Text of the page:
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Do patients with age related maculopathy and cataract benefit from cataract surgery?
  1. ANA MARIE AMBRECHT,
  2. CATHERINE FINDLAY,
  3. PETER ASPINALL,
  4. BHAL DHILLON,
  1. Visual Impairment Research Group, Princess Alexandra Eye Pavilion, Chalmers Street, Edinburgh EH3 9HA
  1. G N SHUTTLEWORTH,
  2. E A LUHISHI,
  3. R A HARRAD
  1. Bristol Eye Hospital, Lower Maudlin Street, Bristol BS1 2LX

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Editor,—We were interested to read Shuttleworth and colleagues’ recent paper on the benefit of cataract surgery on patients with age related macular degeneration (ARMD).1The article suggested that the prognosis of patients with ARMD after cataract extraction was not as poor as had been previously thought and that more than two thirds of patients benefit from surgery and consider the procedure worthwhile.

Previous research has suggested that cataract surgery may increase the progression of ARMD. Van de Schaft et al2 reported an increased prevalence of disciform macular degeneration in postmortem pseudophakic eyes with IOL implants. The Beaver Dam Eye Study3 indicated a statistically significant relation between cataract surgery at baseline and the incidence and progression of disciform ARMD. Pollacket al4 reported a 19% increase in progression following surgery on the first eye of patients with moderate, bilateral ARMD. In a further study5 they reported an even higher incidence of progression (24%) when the second eyes of patients with previous uneventful postoperative maculopathic course were operated on.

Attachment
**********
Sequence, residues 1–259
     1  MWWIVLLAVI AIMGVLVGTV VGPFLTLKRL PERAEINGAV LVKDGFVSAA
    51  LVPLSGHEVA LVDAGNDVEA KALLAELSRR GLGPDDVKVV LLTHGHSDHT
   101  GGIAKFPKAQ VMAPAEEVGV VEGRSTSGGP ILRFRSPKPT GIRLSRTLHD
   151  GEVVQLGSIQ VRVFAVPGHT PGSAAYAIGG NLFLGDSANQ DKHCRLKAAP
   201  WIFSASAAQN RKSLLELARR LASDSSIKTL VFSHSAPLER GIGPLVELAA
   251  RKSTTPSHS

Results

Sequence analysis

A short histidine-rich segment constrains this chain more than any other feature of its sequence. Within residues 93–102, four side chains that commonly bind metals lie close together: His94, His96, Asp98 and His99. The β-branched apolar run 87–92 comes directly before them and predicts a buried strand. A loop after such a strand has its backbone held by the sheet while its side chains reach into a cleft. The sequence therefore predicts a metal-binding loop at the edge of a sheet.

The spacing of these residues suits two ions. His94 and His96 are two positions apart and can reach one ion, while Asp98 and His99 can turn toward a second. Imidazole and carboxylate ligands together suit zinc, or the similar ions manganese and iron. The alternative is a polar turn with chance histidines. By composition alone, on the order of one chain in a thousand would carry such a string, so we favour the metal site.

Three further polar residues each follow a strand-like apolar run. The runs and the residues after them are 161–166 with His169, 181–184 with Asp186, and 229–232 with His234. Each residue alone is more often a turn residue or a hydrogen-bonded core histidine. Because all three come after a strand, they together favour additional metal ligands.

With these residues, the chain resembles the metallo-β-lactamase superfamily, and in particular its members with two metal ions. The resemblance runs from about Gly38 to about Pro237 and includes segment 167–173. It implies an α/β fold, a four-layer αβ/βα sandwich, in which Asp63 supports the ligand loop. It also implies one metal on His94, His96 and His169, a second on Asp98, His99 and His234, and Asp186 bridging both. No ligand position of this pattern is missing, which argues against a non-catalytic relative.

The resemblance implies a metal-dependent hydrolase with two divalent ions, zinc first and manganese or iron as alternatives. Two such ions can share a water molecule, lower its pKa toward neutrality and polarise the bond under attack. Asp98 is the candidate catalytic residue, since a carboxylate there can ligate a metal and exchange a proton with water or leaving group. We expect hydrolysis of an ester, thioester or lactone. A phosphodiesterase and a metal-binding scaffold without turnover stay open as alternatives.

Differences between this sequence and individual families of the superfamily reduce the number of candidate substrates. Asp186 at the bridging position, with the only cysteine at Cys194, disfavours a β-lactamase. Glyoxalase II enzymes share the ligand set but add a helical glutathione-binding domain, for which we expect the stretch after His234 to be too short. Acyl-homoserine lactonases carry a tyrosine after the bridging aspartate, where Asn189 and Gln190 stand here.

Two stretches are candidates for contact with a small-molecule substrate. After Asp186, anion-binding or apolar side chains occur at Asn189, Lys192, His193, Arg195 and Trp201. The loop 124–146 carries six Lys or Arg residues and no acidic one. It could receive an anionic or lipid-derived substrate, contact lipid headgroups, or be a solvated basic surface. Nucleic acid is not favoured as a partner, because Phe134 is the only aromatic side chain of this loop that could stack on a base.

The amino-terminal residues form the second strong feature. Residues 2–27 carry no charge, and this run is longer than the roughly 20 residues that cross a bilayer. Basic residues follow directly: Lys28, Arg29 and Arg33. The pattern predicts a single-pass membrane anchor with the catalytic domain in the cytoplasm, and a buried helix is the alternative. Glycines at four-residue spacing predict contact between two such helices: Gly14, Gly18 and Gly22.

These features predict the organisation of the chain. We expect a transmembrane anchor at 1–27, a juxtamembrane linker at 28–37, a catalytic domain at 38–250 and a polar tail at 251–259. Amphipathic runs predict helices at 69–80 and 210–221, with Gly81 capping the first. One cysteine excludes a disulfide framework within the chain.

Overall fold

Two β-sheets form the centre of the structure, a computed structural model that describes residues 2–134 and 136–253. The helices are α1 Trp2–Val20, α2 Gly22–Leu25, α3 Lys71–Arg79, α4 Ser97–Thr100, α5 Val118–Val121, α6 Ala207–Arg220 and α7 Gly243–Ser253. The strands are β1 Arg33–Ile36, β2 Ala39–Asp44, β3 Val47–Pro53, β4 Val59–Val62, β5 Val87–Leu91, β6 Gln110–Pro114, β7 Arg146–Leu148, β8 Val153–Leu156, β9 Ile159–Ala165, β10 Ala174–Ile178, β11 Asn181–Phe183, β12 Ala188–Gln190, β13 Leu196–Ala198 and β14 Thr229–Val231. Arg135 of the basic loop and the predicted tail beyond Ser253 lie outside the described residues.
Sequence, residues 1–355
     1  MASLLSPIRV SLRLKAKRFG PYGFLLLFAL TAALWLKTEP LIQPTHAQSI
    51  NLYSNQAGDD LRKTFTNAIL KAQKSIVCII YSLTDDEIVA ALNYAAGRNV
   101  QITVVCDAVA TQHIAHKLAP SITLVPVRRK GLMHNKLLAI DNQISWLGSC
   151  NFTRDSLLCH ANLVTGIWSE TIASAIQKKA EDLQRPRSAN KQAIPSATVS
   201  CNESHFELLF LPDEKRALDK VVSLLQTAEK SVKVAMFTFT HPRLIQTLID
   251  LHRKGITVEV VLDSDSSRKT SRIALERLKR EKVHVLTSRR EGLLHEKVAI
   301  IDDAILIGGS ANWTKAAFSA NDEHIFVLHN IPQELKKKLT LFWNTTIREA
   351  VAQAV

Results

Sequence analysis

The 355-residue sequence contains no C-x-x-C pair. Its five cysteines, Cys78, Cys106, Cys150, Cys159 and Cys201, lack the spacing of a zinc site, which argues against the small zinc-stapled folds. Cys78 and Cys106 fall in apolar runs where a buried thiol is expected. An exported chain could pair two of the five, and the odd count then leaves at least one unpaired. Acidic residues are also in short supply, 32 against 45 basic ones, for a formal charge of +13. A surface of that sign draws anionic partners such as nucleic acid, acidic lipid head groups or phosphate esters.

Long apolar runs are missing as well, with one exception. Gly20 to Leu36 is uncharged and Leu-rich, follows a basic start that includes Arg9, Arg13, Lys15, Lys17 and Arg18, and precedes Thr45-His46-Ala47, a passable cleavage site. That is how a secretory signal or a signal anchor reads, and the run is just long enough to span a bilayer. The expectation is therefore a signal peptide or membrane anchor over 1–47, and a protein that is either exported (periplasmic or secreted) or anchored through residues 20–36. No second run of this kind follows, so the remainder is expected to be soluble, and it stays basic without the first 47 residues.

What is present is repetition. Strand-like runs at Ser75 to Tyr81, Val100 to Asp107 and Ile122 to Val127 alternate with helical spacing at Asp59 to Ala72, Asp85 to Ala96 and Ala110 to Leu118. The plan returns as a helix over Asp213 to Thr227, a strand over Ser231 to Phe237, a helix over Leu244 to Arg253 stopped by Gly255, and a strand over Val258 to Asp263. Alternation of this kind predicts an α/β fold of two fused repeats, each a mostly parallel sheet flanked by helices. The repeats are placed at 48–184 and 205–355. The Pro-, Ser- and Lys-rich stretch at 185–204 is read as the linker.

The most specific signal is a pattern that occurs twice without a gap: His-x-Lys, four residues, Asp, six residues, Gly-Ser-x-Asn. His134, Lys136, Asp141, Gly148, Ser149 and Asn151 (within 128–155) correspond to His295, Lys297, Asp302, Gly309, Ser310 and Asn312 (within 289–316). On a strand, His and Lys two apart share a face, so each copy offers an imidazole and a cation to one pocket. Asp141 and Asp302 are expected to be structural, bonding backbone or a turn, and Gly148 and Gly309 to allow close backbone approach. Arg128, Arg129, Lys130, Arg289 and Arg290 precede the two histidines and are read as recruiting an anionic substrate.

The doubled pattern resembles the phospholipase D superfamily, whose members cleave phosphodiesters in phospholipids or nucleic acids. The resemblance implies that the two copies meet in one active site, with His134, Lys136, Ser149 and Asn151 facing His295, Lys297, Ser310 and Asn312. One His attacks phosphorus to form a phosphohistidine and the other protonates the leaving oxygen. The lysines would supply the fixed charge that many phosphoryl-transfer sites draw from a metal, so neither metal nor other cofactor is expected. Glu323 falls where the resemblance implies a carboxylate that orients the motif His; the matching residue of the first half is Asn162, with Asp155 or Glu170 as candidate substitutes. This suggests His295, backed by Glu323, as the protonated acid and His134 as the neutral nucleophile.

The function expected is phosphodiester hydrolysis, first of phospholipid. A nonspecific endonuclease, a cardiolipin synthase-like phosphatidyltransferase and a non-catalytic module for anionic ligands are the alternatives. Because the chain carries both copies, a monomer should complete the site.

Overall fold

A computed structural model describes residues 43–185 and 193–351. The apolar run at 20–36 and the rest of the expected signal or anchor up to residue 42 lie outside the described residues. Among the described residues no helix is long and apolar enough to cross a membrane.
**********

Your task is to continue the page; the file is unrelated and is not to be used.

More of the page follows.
In 1997, we performed a pilot study to assess the feasibility of a major prospective study comparing the progression of ARMD on patients undergoing cataract surgery, with age matched controls. A quality of life questionnaire was administered before and after surgery to a group of patients (n=23) diagnosed with ARMD, and their case notes reviewed retrospectively for visual acuity, simple grading of ARMD, and status of fellow eye. Thirteen patients had mild dry ARMD, seven had moderate dry ARMD, two had severe dry, and one had severe wet ARMD at the time of surgery. Visual acuity (classified into four categories—less than 6/60; 6/60– 6/36; 6/24 to 6/18; and 6/12 to 6/6) improved in 18 patients, remained the same in three, and deteriorated in two patients. The poor visual outcome of the five patients whose eyesight did not improve was directly attributable to their ARMD and not to other ocular conditions. Both patients whose visual acuity declined had moderate, dry ARMD.

When quality of life measures were considered two areas showed significant change. Before surgery only 16% of patients reported that they were satisfied with their vision and 84% were dissatisfied. Following surgery 71% of patients were satisfied with their vision and only 29% were dissatisfied. Visual disability was assessed using the VF-14,6 a widely used questionnaire of patient functional impairment designed for use in cataract studies, and the mean score increased from 54% to 73%.